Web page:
The stop sign is a very recognizable signal on the road that many of us take for granted. Not only is it bright red, standing out among a sea of vehicles, but it’s also the only eight-sided road sign you’ll see. So, why do stop signs have eight sides?
Here is the history behind of one of the most recognized warnings on the road, including a few other interesting facts about stop signs.
History of Stop Signs
Do you think that your morning commute is bad? It’s probably nothing compared to American roads at the turn of the 20th century.
While driving exams, learner’s permits, and road signs are the norm during the present day, things were much more lax a century ago. Drivers weren’t required to have a license to get behind the wheel, speed limits were nonexistent, the roads didn’t have any lane lines to guide cars, and stop signs were nowhere to be found on street corners.
However, as cars became more prevalent, the first signals to help guide drivers would begin to appear throughout the United States. In 1914, the first electric traffic signal was installed in Cleveland. The first official stop sign appeared in Detroit in 1915, though many drivers wouldn’t recognize it today. The sign was small, white, and square – hardly noticeable while on the road.
Similar stop signs would begin to pop up elsewhere in the U.S., but there were no real standards for what they looked like. Because of the lack of uniformity, road signs in general were hard to follow because they might look different depending on what city or town you were in.
Why Do Stop Signs Have Eight Sides?
In 1922, representatives from Wisconsin, Indiana, and Minnesota toured several states in order to generate ideas for uniform signs and street markings, which they felt would make them easier for everyone to follow. They ultimately reasoned that the shape of road signs should be changed to clearly announce what type of hazard was ahead.
The hierarchy that they developed was:
- Circle: Considered to have infinite sides, this announced the riskiest of hazards ahead, such as railroad crossings.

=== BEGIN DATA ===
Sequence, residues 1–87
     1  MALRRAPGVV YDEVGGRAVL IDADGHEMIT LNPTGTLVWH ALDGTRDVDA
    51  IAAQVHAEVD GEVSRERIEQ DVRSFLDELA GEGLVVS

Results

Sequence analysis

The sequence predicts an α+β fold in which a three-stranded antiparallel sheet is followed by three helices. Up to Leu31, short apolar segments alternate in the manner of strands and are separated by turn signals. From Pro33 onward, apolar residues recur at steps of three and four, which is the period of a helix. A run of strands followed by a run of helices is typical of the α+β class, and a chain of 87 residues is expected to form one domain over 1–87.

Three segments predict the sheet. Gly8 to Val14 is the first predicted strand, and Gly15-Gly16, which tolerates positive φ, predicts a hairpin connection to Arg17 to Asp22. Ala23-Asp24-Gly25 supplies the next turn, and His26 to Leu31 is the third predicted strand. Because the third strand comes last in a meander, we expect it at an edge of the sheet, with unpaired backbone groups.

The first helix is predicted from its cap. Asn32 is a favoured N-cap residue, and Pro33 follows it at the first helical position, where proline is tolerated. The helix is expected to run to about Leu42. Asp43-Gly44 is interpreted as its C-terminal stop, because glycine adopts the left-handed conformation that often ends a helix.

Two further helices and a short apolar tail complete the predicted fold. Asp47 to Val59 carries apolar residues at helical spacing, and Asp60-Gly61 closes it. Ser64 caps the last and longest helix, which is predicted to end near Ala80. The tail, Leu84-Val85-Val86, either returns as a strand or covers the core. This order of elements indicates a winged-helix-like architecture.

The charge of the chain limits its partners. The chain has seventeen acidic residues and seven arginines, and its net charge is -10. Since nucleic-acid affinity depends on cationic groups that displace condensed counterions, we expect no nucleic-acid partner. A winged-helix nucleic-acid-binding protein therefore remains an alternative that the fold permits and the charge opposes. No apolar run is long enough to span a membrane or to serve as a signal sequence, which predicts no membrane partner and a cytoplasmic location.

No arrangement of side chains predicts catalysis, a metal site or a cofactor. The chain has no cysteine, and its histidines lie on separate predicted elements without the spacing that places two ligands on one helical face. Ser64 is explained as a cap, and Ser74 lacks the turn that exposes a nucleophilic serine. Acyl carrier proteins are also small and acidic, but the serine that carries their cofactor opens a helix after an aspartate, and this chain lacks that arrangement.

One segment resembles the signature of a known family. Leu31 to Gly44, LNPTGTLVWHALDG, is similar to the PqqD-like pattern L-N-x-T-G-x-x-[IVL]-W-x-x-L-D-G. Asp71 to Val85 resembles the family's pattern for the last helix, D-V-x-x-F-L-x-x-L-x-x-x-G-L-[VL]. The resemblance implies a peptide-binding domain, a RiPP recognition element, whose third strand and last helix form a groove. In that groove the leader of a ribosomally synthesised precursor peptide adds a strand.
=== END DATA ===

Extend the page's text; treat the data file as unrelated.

- Octagon: Signaling the second riskiest hazard, such as an intersection. This is where the stop sign comes into play.
- Diamond: These signs signaled conditions that were considered to be less hazardous, such as a caution sign.
- Rectangles: Instead of a hazard, these signs were used to communicate information.
These lawmakers would eventually present their recommendations to the American Association of State Highway Officials. They would become the basis for the earliest standardized national road signs, which became official in 1935.
As you can see, the road sign hierarchy hasn’t changed much in the present day.
Why Are Stop Signs Red?
On to the next question – why are stop signs red? This change didn’t take place until 1935, when traffic engineers created a set of uniform standards for the nation’s signage. Called the Manual on Uniform Traffic Control Devices, the guide was 166 pages long and recommended that stop signs be bright yellow with black lettering.
However, in 1954, the manual instead recommended that the sign be red with white lettering. This matched the color-coding systems used for traffic and railroad signals, which used red to tell drivers and engineers to stop.
Why Are Stop Signs In English In Some Foreign Countries?
If you journey to another county, especially those in Europe, you’ll discover that a majority of stop signs are in English.
With more than 50 official languages used throughout Europe, the stop sign required some type of regulation in order to be easily recognized by a variety of drivers. The word “Stop” has become almost a symbol unto itself, instantly understood by a majority of drivers on the road. It is often used in lieu of symbols such as an outstretched hand. This makes driving more straightforward for both locals and tourists, ensuring that traffic continues smoothly and drivers remain safe.
The next time you’re on your commute to work or heading out on a road trip, take a moment to be thankful that the stop sign is so instantly recognizable. With eight sides and a bright red hue, it is an efficient way to prompt drivers to stop at intersections and keep traffic flowing safely.